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Durham University

Department of Physics

Staff profile

Publication details for Professor Ian Smail

Dye, S., Furlanetto, C., Swinbank, A. M., Vlahakis, C., Nightingale, J. W., Dunne, L., Eales, S. A., Smail, Ian, Oteo, I., Hunter, T., Negrello, M., Dannerbauer, H., Ivison, R. J., Gavazzi, R., Cooray, A. & van der Werf, P. (2015). Revealing the complex nature of the strong gravitationally lensed system H-ATLAS J090311.6+003906 using ALMA. Monthly Notices of the Royal Astronomical Society 452(3): 2258-2268.

Author(s) from Durham

Abstract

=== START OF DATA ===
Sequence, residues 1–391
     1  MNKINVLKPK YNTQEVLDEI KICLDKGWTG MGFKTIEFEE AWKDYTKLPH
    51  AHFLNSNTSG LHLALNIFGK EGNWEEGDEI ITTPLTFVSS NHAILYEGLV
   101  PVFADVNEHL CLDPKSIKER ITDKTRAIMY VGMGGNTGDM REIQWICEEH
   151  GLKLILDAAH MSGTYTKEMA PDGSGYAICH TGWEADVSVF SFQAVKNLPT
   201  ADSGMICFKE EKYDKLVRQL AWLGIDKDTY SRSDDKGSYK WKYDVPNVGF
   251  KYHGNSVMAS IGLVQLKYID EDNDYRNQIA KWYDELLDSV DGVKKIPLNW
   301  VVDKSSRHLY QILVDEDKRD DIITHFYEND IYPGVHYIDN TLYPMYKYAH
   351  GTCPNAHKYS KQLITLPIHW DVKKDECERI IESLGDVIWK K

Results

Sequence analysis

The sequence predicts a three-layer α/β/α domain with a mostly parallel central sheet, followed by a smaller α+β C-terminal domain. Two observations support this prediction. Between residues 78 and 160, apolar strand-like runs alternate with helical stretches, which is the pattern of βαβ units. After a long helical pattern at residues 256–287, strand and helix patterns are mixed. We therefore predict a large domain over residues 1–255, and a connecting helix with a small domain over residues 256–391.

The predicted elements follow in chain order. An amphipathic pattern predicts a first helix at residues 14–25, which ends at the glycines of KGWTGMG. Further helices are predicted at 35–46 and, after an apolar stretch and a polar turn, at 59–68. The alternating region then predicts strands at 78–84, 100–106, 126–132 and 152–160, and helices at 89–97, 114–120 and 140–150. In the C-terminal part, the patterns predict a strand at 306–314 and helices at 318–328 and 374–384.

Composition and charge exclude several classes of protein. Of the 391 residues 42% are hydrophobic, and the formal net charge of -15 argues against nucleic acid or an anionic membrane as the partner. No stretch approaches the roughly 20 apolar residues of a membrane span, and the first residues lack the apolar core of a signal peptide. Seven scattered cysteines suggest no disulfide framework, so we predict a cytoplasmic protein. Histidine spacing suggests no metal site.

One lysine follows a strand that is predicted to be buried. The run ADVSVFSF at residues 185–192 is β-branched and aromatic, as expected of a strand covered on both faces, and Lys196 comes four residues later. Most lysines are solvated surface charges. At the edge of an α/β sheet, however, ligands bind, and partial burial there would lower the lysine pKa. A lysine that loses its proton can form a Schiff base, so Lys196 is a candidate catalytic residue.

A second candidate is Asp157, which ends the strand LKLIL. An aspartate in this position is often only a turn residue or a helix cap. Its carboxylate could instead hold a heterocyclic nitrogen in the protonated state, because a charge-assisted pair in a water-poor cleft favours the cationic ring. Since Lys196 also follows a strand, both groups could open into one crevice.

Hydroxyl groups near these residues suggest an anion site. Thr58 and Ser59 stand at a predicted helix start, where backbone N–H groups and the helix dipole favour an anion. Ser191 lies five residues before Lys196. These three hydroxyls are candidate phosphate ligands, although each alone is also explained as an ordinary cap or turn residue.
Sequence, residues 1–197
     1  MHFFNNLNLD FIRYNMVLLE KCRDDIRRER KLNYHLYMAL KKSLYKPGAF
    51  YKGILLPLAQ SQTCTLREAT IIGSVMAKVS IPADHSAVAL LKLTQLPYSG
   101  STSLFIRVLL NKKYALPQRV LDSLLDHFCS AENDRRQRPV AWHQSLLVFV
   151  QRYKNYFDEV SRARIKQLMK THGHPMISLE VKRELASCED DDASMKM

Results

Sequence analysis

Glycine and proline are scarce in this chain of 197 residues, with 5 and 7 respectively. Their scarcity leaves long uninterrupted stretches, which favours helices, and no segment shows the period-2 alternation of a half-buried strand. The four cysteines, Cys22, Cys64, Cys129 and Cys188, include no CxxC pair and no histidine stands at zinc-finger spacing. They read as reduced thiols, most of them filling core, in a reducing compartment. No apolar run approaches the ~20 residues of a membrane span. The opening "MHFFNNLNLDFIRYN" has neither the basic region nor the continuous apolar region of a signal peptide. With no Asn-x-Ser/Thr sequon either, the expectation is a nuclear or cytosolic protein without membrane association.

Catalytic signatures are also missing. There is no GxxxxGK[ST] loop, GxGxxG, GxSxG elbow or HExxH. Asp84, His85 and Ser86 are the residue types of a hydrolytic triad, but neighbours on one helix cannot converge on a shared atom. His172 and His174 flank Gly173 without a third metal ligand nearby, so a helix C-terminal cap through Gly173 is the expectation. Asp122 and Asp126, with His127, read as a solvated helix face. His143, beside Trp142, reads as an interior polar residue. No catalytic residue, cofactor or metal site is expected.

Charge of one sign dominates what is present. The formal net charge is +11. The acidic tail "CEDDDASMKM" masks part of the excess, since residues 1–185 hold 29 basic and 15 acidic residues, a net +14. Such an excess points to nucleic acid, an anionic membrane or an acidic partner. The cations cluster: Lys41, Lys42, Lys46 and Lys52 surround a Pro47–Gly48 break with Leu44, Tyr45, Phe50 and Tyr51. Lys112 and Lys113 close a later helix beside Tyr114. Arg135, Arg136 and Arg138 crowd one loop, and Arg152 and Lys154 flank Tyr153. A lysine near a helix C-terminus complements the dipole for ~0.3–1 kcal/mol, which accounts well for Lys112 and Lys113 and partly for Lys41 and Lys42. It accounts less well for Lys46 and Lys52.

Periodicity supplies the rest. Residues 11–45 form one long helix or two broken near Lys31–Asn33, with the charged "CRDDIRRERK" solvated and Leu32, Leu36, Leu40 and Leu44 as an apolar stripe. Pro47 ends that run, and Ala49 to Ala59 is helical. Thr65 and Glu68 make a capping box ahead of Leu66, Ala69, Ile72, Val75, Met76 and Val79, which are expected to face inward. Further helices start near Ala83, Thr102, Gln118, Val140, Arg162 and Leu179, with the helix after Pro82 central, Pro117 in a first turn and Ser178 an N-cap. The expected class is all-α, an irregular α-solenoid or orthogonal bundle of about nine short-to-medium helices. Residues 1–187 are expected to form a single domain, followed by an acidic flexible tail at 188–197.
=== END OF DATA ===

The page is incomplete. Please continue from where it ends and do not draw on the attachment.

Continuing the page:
We have modelled Atacama Large Millimetre/sub-millimetre Array (ALMA) long baseline imaging of the strong gravitational lens system H-ATLAS J090311.6+003906 (SDP.81). We have reconstructed the distribution of band 6 and 7 continuum emission in the z = 3.042 source and determined its kinematic properties by reconstructing CO(5–4) and CO(8–7) line emission in bands 4 and 6. The continuum imaging reveals a highly non-uniform distribution of dust with clumps on scales of ∼200 pc. In contrast, the CO line emission shows a relatively smooth, disc-like velocity field which is well fitted by a rotating disc model with an inclination angle of (40 ± 5)° and an asymptotic rotation velocity of 320 km s−1. The inferred dynamical mass within 1.5 kpc is (3.5 ± 0.5) × 1010 M⊙ which is comparable to the total molecular gas masses of (2.7 ± 0.5) × 1010 M⊙ and (3.5 ± 0.6) × 1010 M⊙ from the dust continuum emission and CO emission, respectively. Our new reconstruction of the lensed Hubble Space Telescope near-infrared emission shows two objects which appear to be interacting, with the rotating disc of gas and dust revealed by ALMA distinctly offset from the near-infrared emission. The clumpy nature of the dust and a low value of the Toomre parameter of Q ∼ 0.3 suggest that the disc is in a state of collapse. We estimate a star formation rate in the disc of 470 ± 80 M⊙ yr−1 with an efficiency ∼65 times greater than typical low-redshift galaxies. Our findings add to the growing body of evidence that the most infrared luminous, dust obscured galaxies in the high-redshift Universe represent a population of merger-induced starbursts.